Gov. Mike Dunleavy’s office is investigating a “potential violation of law” by the state health department for providing data used to help Anchorage seniors get vaccinated against COVID-19.
It’s not clear specifically what triggered the investigation and which laws may have been violated. Dunleavy’s office would provide no additional details after announcing the investigation.
A news release the governor’s office issued Thursday said Dunleavy has directed the Alaska Department of Law to investigate the Alaska Department of Health and Social Services for sharing names and contact information with municipal contractors “through an unauthorized action by staff at the Alaska Department of Health and Social Services.”
The action occurred outside an established data-sharing agreement between the state and Anchorage Health Department, according to the release.
Anchorage resident Andrée McLeod said she got a call from a municipal contractor last Sunday that raised red flags related to privacy, not vaccines.
McLeod said she was “stunned” to pick up the phone last weekend and find contractor AM TRACE asking if she’d been vaccinated. She said she hung up.
Then she called back to ask how they’d gotten her name and number. A supervisor repeatedly told her the company got its call lists — which apparently contain cellphone numbers — from the Anchorage Health Department.
McLeod reached out to an Anchorage Assembly member to voice her concerns, according to an email she sent Dunleavy and other top state officials on Friday.
In the email, she asked if the state is keeping a list of vaccine recipients, what kind of state lists contain names and phone numbers — and what laws or policies “protect the disclosure of personal, private information of Alaska residents kept by the State of Alaska.”
Anchorage municipal health officials say the contact information was part of an ongoing partnership with the state to encourage residents to get vaccinated.
They said the state health department provided “limited” contact information, which was transmitted securely.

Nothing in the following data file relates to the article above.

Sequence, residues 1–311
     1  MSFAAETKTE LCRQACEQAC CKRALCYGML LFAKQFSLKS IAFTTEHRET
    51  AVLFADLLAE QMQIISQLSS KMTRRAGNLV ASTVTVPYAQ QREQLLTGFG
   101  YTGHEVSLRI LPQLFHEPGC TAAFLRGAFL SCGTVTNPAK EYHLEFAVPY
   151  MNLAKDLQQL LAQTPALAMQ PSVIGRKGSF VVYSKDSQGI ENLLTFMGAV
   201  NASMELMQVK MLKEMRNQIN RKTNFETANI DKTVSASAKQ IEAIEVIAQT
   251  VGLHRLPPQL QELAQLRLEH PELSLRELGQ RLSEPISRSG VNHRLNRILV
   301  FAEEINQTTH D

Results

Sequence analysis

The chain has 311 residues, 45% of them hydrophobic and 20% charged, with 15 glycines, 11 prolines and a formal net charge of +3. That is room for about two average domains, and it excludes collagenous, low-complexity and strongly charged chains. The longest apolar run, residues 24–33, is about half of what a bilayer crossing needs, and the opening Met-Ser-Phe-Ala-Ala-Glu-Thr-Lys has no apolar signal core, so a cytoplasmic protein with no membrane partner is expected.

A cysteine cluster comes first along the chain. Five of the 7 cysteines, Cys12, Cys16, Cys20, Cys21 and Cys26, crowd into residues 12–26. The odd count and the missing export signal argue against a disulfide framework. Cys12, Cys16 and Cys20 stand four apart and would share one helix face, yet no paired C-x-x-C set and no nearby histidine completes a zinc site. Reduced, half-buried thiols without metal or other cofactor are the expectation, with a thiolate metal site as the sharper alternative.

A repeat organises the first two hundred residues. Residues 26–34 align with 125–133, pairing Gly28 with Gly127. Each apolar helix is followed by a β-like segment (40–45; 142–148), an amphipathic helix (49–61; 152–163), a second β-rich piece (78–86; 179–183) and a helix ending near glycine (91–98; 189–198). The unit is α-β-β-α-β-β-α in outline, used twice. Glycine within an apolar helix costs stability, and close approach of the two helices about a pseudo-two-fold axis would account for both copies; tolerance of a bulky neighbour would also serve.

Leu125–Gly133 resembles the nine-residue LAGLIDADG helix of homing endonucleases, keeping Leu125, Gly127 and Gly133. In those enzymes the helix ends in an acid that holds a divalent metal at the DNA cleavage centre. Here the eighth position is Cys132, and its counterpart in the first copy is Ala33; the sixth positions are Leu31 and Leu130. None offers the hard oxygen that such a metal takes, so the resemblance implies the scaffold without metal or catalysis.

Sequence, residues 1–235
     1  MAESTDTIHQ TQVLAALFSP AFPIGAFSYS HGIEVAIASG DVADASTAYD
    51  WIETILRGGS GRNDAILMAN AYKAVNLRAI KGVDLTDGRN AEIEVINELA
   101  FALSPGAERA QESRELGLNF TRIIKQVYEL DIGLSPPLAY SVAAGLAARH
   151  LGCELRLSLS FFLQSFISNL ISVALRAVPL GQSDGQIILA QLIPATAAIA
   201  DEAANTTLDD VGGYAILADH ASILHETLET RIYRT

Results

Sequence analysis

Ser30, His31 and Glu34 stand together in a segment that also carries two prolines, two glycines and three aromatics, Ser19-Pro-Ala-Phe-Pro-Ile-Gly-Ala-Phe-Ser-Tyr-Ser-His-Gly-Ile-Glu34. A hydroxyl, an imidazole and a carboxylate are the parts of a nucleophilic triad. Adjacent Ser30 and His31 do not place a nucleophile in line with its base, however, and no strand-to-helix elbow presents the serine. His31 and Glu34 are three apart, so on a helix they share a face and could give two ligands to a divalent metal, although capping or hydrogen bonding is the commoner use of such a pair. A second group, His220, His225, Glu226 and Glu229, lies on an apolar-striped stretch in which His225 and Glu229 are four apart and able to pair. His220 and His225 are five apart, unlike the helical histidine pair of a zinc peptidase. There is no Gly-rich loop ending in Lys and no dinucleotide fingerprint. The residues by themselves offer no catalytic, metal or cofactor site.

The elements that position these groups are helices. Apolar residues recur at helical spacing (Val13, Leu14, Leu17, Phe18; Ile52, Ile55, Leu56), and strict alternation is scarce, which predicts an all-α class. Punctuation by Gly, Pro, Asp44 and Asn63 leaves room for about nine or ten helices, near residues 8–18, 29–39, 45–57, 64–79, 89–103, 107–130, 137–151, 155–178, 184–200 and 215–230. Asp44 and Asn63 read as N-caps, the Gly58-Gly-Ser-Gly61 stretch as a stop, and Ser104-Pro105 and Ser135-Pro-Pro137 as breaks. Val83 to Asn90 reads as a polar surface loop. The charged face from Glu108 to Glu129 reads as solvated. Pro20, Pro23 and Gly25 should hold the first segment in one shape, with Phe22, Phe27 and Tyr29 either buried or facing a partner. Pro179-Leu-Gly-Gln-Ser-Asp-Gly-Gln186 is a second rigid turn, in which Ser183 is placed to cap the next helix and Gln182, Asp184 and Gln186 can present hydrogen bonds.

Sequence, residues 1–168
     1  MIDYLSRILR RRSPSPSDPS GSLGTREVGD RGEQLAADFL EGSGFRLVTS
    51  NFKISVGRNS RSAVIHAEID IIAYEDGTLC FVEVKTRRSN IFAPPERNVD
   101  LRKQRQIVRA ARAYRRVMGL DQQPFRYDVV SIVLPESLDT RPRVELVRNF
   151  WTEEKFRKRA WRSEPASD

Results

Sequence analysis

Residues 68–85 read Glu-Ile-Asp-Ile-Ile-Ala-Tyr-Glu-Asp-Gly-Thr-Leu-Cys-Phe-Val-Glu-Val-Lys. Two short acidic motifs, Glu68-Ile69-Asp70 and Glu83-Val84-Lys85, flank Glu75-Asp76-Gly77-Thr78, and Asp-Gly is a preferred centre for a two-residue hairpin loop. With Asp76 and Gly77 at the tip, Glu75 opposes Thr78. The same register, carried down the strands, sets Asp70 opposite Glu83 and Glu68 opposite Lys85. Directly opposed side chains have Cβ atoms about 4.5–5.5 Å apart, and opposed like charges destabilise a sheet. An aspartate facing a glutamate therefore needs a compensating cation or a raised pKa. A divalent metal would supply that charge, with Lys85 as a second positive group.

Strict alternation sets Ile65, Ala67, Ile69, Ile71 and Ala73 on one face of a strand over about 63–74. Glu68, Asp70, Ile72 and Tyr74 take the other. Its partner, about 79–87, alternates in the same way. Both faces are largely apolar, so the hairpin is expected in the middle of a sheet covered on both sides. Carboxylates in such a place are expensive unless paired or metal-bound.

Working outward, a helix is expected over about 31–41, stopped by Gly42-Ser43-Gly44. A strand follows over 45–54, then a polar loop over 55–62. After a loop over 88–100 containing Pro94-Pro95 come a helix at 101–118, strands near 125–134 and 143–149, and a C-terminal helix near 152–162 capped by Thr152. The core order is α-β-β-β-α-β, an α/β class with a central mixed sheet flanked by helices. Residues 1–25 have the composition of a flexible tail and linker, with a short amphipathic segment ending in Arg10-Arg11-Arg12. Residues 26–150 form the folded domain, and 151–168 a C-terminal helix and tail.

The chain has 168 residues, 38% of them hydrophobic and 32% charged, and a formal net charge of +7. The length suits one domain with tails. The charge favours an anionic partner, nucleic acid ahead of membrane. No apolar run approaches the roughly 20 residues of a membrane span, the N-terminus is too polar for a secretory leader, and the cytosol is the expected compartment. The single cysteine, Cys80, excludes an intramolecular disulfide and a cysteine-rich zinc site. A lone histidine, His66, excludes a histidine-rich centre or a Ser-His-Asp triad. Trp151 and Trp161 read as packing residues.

The state “requested that we help the vaccination effort by connecting with seniors in Anchorage who might need assistance signing up for a vaccine appointment,” Chelsea Ward-Waller, spokeswoman for the Anchorage Health Department, said in an email.
The information was used by municipal contractors to make 1,275 calls to Anchorage residents, Ward-Waller said.
“Not everyone wants to get vaccinated, and we have not — and will never — mandate or coerce vaccinations,” she said.
The calls were based on a script that included a response for people who had no interest in getting vaccinated: “Thank you very much for your time and have a nice day.”
Callers who were asked how they got people’s numbers were told to say, “... we got it from the Anchorage Health Department and we are reaching out to support people in Anchorage with getting the COVID-19 vaccine.”
The governor’s decision to order an investigation was first reported by Must Read Alaska, which also reported initial concerns about the contractor’s vaccine calls.
According to the governor’s news release, Dunleavy directed Health and Social Services Commissioner Adam Crum to “conduct an internal review of all the department’s data sharing agreements.” Dunleavy in a statement said the health department “will report back to me with new policies and procedures that will prevent this from happening again.”
Officials from the state Department of Health and Social Services did not respond to several requests for information or interviews and said the Department of Law is handling any information requests during the ongoing investigation.
Maria Bahr, a Department of Law spokeswoman and assistant attorney general appointed this month to serve as a Fairbanks District Court judge, declined to answer any questions Thursday.
“Senior leadership just learned of this, and the Governor wanted to act quickly to let the public know,” Bahr said in an email. “However, that means that our investigation has only just begun and it will take some time to make sure we have accurate information.”
Dunleavy spokesman Jeff Turner said he couldn’t answer any questions due to the ongoing investigation.
Turner and Bahr didn’t answer additional questions about what prompted Dunleavy’s decision.
“As we stated yesterday, we are still investigating exactly what occurred and what may rise to the level of a violation, so there is no further information we can provide at this time,” Bahr said Friday.
Municipal officials pushing for a return to more normal operations by summer say they could lift a new COVID-19 emergency order enacted this week once the city’s health department certifies that 70% of eligible Anchorage residents are fully vaccinated.
As of Friday, 41% of Anchorage residents 16 and older fall into that category.